Lang – the early beginnings
The emergence of the Vietnam as a coherent entity is veiled
by the mists of time. Legends proliferate, and are dominated
by images of dragons that act as protectors of a vulnerable
land and people. Little is known of Van Lang, the kingdom
of the early Viet people, ruled by a succession of ‘Hung’
kings. Such evidence as exists suggests it was a well-established
feudal society, proficient in agriculture, skilled in using
metal and advanced in its beliefs and artistic expression.
Such a ‘soft’ target would be very attractive
to raiding parties of Cham pirates and the expanding Chinese
empire. Perhaps the necessity to protect their land of plenty
inspired the will to resist and, more importantly, taught
the Vietnamese ways to protect their country.
Van Lang was conquered by a nearby kingdom in 257 BC to
form a new kingdom called Au Lac. Fifty years later, Au
Lac was overwhelmed by the Chinese.
As Chinese expansionists took over kingdom
after kingdom, their practice was to begin the process of
pacification immediately – dividing the country into tightly
controlled administrative districts and sub-districts and
importing Confucianism, ancestor worship, Chinese script
and a powerful legislature.
Typically, the subject people in the territories
they controlled were soon completely Sinocised and their
territory absorbed into Greater China. However, in Vietnam
they met with local revolts and wider insurrections that
continued throughout their thousand years of occupation.
Of all the kingdoms and countries that were subject to China,
only Vietnam shook off its chains.
Resistance at all costs
Then and since, Vietnamese foreign and domestic policy has
been driven by an overriding imperative to secure and protect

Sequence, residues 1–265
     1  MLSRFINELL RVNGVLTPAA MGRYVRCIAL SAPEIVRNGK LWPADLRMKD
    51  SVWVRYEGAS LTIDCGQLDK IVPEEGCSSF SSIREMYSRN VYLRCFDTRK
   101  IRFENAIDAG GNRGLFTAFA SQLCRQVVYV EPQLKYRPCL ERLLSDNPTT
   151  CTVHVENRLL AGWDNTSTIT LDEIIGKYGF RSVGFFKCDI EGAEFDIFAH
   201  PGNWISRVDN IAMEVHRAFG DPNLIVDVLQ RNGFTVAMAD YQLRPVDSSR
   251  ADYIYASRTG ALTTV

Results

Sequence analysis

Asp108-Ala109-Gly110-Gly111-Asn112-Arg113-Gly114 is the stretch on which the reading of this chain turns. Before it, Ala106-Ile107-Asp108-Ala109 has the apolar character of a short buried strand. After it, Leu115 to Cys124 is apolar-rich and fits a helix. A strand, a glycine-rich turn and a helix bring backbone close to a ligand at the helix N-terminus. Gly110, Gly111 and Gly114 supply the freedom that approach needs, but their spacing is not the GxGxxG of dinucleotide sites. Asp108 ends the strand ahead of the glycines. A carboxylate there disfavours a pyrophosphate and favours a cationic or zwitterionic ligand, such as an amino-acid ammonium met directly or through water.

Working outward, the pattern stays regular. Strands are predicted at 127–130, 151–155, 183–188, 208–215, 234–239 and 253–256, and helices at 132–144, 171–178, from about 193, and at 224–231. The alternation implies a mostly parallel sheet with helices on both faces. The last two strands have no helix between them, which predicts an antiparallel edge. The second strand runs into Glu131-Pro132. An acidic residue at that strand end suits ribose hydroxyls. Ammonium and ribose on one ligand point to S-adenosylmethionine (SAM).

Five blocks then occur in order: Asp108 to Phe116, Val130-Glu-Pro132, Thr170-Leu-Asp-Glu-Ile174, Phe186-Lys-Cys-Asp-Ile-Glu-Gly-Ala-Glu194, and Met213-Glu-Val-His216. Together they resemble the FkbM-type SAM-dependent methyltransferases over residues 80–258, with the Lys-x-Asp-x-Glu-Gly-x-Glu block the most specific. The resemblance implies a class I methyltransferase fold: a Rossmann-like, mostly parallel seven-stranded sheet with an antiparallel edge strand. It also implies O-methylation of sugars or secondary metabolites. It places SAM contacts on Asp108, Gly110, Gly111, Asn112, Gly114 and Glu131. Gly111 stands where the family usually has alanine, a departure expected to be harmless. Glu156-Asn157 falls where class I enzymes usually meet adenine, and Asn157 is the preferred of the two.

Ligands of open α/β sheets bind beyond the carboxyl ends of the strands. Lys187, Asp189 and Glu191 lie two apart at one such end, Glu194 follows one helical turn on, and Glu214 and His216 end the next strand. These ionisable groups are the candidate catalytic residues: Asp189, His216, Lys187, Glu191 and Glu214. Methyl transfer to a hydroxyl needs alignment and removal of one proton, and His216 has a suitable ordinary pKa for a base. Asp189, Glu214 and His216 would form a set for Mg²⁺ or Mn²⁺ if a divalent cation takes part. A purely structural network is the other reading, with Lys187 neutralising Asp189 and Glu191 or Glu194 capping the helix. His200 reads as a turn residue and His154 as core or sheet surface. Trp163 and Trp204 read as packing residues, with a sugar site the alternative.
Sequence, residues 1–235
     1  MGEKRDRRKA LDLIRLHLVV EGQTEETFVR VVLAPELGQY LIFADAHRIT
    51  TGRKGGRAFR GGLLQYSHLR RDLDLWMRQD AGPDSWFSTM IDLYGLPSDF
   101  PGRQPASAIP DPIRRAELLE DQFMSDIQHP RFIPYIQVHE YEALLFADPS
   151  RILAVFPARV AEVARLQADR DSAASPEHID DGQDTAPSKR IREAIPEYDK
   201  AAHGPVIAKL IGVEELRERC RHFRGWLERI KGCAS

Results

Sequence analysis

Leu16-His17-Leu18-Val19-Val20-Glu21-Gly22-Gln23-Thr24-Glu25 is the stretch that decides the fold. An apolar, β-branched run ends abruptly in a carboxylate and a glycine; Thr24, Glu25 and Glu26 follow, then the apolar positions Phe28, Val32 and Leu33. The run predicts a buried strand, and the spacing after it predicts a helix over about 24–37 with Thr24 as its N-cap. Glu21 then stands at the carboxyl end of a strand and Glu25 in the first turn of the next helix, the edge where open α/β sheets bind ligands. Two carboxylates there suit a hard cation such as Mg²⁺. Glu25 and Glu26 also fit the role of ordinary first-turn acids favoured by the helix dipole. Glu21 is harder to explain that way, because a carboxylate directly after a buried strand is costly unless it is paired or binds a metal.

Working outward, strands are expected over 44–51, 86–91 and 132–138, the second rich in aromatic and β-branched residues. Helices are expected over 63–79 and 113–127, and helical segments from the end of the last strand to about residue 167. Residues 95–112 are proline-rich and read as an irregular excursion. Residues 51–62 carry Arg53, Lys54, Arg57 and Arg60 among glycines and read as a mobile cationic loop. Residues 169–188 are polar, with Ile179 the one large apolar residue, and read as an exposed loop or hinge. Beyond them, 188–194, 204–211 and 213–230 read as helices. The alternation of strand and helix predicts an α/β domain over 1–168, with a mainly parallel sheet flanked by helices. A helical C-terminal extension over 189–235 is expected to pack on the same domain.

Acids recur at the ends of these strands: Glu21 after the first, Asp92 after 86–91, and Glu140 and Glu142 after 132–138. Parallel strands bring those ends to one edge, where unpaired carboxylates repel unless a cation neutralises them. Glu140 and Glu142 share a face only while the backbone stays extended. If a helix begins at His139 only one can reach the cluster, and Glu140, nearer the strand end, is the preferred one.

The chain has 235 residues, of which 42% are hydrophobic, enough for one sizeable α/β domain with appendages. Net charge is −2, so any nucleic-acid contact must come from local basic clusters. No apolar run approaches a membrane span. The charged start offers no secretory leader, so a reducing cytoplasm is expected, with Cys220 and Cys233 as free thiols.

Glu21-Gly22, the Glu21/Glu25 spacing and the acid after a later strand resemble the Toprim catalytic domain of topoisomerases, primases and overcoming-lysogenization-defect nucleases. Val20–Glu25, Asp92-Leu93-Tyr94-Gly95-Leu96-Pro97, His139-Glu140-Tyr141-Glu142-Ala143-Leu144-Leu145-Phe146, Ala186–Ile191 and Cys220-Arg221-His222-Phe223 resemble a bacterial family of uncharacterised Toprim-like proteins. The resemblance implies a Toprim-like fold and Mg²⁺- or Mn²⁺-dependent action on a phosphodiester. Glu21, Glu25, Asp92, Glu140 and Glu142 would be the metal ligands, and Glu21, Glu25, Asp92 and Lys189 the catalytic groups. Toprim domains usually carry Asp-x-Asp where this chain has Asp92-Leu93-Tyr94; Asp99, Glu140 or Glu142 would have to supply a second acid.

the county’s territory and identity regardless of cost.
Over the turbulent centuries that followed
the expulsion of the Chinese, the cost of independence was
paid many times over. Invasion after invasion was driven
back. Invariably, defeat and occupation was confronted with
unyielding resistance and eventual ejection of the occupying
The value of sovereignty
In modern times, foreigners often remark upon Vietnam’s
apparently unprincipled pragmatism in both domestic policy
and international relations. Not realising Vietnam’s unwavering
commitment to self-determination, they see enthusiastic
overtures to Western capitalism as blatant opportunism and
question its status as a ‘communist’ country.
Our bitter experiences have taught us that
we can only be safe from aggression by becoming a full member
of an international community of peace-loving nations and
building a sound economy based upon industry and commerce.
Our socialism is not a dogmatic ideology - it is a path
to the betterment of our Vietnamese community and the security
of our country.
For us Vietnamese, no evil could be greater
than the loss of sovereignty. The events following the end
of the Japanese occupation of Vietnam in 1945 clearly demonstrate
Not pragmatism, but
the logic of resistance
In the wake of the surrender, Ho Chi Minh took advantage
of the power vacuum and proclaimed the Democratic Republic
of Vietnam. However, the victorious allied forces determined
that the Nationalist Chinese would occupy North Vietnam
and the British the south.
Ho Chi Minh, who had previously created
the Vietminh guerrilla force to fight the Japanese, correctly
perceived that a Chinese presence in Vietnam’s heartland
posed a major threat. Although the Japanese invasion had
ended nearly a century of oppressive colonial rule by France,
he had no hesitation in making a deal with the hated French
to take over North Vietnam for yet another five years. When
challenged to justify such seemingly perverse behaviour,
he famously replied “Better to sniff French shit for the
next five years than eat Chinese shit for the rest of my
Although his analysis of the
comparative strengths of the French and Chinese was precise,
he misjudged the timing. The French predictably reneged
on the deal and, with British support, attempted to re-colonise
Vietnam. It took a further nine years of bitter fighting
until the Vietnamese victory at Dien Bien Phu finally drove
the colonialists out of our country!